PROBABLE CAUSE: On 3 Jul 87, Sgt CHAPMAN, SrA Wright, and Sgt PEZET of the 305 Security Police Squadron were arrested for Bank Robbery by the Indiana State Police. During the course of their investigation and subsequent investigation by AFOSI and FBI it was discovered that CHAPMAN was also involved in a robbery that occurred on 29 May 87, in Denver, IN. During the 29 May robbery CHAPMAN had a white male accomplice. The accomplice was described as a white male, black hair, mustache, dark compected [sic] possibly hispanic or Italian background by a witness. The witness also saw both CHAPMAN and the accomplice traveling in a Gold foreign make vehicle with Illinois license plates. A subsequent interview with CHAPMAN's mother disclosed CHAPMAN had a gold colored Toyota brand vehicle with Illinois license plates during the time frame of the 29 May robbery. Interviews with other Security Policeman revealed that CHAPMAN and SrA WRIGHT were close friends and spent considerable time together. In addition both the robbery on 3 July 87, in which the three were arrested and the robbery on 29 May had the same modus operandi used to commit both offenses. In the Denver In. robbery a pair of white gloves was used in the robbery and WRIGHT was issued a pair for work as a gate guard. Both individuals owned 9mm pistols and two were recovered when the three were arrested on 3 Jul 87. The description given by the witness fits the physical characteristics and make-up of SrA WRIGHT.

R.22 at 19.

26

Mr. Wright characterizes the transformation as from a military search to a "federal" search. Of course, since Mapp v. Ohio, 367 U.S. 643, 81 S.Ct. 1684, 6 L.Ed.2d 1081 (1961), both state and federal searches must meet Fourth Amendment standards. The concern for whether a search is federal as opposed to state is only relevant in determining whether the particular requirements of Federal Rule of Criminal Procedure 41(c)(1) apply. See, e.g., United States v. Maggitt, 778 F.2d 1029, 1032-33 n. 2 (5th Cir.1985), cert. denied, 476 U.S. 1184, 106 S.Ct. 2920, 91 L.Ed.2d 548 (1986); United States v. McCain, 677 F.2d 657, 662 (8th Cir.1982). In this case the relevant requirement--oath or affirmation--is not limited to federal searches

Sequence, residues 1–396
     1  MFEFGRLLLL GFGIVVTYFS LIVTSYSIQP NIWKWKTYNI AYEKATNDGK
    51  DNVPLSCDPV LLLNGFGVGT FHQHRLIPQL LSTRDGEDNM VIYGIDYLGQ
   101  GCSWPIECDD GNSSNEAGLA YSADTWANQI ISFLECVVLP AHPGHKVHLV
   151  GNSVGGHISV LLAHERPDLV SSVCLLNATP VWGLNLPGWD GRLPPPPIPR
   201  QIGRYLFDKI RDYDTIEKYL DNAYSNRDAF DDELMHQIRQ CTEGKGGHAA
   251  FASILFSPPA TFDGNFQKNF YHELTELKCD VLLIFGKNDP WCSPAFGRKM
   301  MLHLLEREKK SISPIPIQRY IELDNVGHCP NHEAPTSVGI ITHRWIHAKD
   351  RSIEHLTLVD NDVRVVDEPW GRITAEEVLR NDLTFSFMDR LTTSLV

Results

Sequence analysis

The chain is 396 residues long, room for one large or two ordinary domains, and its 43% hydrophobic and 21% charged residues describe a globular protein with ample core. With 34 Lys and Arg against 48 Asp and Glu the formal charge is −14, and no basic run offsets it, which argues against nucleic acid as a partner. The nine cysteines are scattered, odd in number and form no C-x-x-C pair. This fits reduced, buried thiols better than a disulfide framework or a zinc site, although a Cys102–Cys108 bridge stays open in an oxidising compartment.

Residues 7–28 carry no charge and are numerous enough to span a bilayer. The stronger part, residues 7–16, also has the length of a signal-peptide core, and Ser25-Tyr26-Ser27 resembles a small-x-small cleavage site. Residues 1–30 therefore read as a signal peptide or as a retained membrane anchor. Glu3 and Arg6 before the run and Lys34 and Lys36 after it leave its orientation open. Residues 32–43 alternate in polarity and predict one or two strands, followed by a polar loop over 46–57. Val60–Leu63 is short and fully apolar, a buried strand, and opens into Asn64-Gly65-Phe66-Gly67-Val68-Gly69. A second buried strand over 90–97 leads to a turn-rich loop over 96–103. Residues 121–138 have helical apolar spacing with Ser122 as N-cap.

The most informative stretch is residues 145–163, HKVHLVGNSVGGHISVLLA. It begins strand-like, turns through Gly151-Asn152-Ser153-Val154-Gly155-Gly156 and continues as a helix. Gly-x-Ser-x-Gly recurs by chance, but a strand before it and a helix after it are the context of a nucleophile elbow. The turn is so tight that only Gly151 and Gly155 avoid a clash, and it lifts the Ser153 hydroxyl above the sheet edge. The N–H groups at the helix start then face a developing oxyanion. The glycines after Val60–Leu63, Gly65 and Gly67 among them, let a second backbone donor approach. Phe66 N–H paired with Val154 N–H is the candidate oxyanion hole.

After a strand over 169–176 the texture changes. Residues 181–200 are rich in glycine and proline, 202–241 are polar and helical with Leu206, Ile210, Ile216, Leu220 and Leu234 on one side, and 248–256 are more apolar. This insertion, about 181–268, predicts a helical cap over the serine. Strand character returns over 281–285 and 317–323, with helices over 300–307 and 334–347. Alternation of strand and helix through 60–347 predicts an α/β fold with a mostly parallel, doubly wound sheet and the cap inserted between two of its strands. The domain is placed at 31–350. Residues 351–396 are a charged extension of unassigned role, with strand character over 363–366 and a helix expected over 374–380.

27

"The facts preclude Brown from contending that the testimony of the officer requesting the warrant was not put under oath by the base commander." Brown, 784 F.2d at 1037

28

See, e.g., Lustig v. United States, 338 U.S. 74, 69 S.Ct. 1372, 93 L.Ed. 1819 (1949); Byars v. United States, 273 U.S. 28, 47 S.Ct. 248, 71 L.Ed. 520 (1927)

29

See, e.g., United States v. Marzano, 537 F.2d 257 (7th Cir.1976) (Canada), cert. denied, 429 U.S. 1038, 97 S.Ct. 734, 50 L.Ed.2d 749 (1977); United States v. Wolf, 601 F.Supp. 435 (N.D.Ill.1984) (Grand Cayman Island)

30

See, e.g., United States v. Koenig, 856 F.2d 843 (7th Cir.1988) (search by Federal Express personnel); United States v. Newton, 510 F.2d 1149 (7th Cir.1975) (airline search)

31

United States v. Muniz, 23 M.J. 201, 204 (C.M.A.1987) ("There is no question that the Fourth Amendment to the Constitution applies to servicemembers."); United States v. Stuckey, 10 M.J. 347, 349 (C.M.A.1981); see generally United States v. Brown, 784 F.2d 1033, 1037 (10th Cir.1986); Garrett v. Lehman, 751 F.2d 997, 1002 (9th Cir.1985)

32

Katz v. United States, 389 U.S. 347, 357, 88 S.Ct. 507, 514, 19 L.Ed.2d 576 (1967); see United States v. Rea, 678 F.2d 382, 386 (2d Cir.1982); United States v. Lewis, 504 F.2d 92, 100 (6th Cir.1974), cert. denied, 421 U.S. 975, 95 S.Ct. 1974, 44 L.Ed.2d 466 (1975)

33